Everyday Hero: Meet “Nature” Jack Marine, Bala Cynwyd’s relentless composter

story by Missy SteinbergEven in December, “Nature” Jack Marine’s Bala Cynwyd home is surrounded by dozens of pumpkins. These former jack-o-lanterns, some of which are as large as 200 pounds, rest in Marine’s seven compost bins, undergoing a natural, three-month metamorphosis. Over time the pumpkins will become organic soil that Marine will use in his home garden to grow tomatoes, peppers, eggplant and yes, more pumpkins.

Marine has been collecting his neighbors’ unwanted jack-o-lanterns for the past 10 years—not a glamorous task, but one he feels compelled to do since there is no formal composting center nearby.

“I was already composting so much and I noticed that people were throwing out pumpkins. I think something inside of me clicked and I said, ‘I’m going to take some of these pumpkins home and put them in my garden,’” explains Marine, who began by going door-to-door gathering gourds.

Whenever the opportunity for sustainable improvements arises, Marine tends to step in. Whether it’s on his drive to his job teaching science at Buerger Early Learning Center in Center City or to his part-time gig at Sweet Greens—where he helps to compost 90 percent of the business’ food waste—Marine is constantly skimming the streets for recyclable litter.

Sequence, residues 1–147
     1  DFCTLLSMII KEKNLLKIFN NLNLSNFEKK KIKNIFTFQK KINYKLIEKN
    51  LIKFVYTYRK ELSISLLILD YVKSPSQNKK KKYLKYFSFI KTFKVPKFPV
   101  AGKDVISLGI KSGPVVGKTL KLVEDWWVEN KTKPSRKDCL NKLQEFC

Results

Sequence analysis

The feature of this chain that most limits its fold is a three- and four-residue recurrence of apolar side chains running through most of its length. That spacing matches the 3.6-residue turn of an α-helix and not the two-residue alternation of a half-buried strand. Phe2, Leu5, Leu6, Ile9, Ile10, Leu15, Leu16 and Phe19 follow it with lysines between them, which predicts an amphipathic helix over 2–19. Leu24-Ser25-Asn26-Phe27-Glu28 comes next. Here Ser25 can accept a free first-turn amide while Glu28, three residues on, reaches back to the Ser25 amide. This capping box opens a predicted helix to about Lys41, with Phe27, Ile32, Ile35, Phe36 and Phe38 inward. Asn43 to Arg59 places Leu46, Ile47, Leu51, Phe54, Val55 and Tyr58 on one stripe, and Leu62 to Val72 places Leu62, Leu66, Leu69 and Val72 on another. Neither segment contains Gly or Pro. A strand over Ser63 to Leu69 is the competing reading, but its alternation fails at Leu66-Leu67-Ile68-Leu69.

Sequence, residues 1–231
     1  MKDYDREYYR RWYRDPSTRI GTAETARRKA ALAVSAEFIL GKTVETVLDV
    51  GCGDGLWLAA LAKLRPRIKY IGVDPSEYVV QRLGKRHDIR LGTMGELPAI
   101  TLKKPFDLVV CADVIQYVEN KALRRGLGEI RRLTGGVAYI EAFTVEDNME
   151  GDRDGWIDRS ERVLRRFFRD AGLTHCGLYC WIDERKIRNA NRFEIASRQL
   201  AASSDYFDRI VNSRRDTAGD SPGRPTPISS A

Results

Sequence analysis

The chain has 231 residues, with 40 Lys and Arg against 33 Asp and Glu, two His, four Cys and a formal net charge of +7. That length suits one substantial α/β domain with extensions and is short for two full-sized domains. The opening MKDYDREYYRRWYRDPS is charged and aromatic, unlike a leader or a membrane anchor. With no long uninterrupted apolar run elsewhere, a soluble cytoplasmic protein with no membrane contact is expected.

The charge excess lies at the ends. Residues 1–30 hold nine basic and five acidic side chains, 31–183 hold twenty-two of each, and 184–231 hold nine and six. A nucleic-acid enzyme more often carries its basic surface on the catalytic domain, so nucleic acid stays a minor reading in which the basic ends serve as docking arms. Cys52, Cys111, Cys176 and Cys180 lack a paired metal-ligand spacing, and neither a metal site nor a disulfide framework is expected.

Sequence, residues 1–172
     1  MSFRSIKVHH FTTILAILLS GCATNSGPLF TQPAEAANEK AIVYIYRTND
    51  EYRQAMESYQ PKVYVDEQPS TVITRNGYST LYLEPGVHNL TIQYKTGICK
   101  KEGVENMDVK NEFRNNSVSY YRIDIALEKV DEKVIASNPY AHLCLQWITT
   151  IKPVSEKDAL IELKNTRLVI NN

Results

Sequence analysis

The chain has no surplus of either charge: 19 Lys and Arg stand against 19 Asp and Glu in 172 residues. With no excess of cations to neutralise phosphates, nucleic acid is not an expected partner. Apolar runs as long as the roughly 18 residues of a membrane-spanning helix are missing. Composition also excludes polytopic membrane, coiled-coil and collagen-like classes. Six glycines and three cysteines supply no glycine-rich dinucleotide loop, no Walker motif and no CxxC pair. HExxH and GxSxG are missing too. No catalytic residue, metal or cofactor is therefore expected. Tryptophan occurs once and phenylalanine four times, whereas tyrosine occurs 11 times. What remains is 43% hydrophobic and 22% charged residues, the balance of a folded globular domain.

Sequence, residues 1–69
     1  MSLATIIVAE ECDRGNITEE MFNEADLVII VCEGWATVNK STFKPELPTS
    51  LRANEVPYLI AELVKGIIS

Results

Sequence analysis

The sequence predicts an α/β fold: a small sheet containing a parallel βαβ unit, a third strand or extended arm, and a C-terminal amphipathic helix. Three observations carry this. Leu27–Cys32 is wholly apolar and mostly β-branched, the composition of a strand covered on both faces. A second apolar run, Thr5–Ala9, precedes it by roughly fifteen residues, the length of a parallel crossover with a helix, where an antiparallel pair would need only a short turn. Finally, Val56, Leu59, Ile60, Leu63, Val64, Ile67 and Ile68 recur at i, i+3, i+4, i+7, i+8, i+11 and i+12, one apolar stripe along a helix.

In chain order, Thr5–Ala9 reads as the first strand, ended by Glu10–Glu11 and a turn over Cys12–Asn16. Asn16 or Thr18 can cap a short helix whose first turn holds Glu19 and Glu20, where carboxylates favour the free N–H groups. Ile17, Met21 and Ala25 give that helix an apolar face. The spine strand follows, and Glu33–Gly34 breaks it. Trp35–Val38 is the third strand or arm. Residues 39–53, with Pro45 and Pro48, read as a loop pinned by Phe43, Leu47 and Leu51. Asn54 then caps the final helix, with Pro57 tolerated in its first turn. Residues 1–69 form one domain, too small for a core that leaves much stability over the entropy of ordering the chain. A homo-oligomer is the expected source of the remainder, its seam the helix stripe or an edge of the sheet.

It’s a tendency Marine developed at a young age growing up in Erdenheim, where his father and grandfather practiced composting in their own gardens. Soon after his son and daughter were born, Marine began teaching science to young children. In 1995, he turned his backyard garden into a classroom for neighborhood youth and offered “KinderGarden”, 10 weekly summer sessions on organic gardening. Since then, Marine has taught science classes at various schools and summer camps throughout Pennsylvania—even starting his own youth program, “Science with Nature Jack”—earning his nickname along the way. 

In his teaching and all his sustainable practices Marine is always looking to protect the environment. “If we don’t become stewards of the earth,” he says, “how are we going to change this planet for the better?”

Story by Missy Steinberg

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